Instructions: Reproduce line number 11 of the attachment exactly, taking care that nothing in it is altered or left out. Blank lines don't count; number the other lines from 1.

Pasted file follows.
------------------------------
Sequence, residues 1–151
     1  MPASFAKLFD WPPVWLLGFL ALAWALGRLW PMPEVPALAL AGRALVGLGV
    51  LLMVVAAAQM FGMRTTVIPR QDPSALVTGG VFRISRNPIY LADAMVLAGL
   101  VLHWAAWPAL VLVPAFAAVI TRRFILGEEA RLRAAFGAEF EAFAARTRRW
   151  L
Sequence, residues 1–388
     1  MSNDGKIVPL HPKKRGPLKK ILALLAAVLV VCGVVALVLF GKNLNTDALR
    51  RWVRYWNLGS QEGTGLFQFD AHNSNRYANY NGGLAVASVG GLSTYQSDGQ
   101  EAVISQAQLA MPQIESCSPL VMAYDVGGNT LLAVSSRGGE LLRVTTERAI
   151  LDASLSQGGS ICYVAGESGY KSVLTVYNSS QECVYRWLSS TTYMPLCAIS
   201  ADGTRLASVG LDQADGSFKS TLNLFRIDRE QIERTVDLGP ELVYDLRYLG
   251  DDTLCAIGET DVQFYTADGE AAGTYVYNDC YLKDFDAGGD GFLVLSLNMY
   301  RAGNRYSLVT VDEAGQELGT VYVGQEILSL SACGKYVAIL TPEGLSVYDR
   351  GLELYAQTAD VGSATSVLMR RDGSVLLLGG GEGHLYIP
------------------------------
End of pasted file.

   201  ADGTRLASVG LDQADGSFKS TLNLFRIDRE QIERTVDLGP ELVYDLRYLG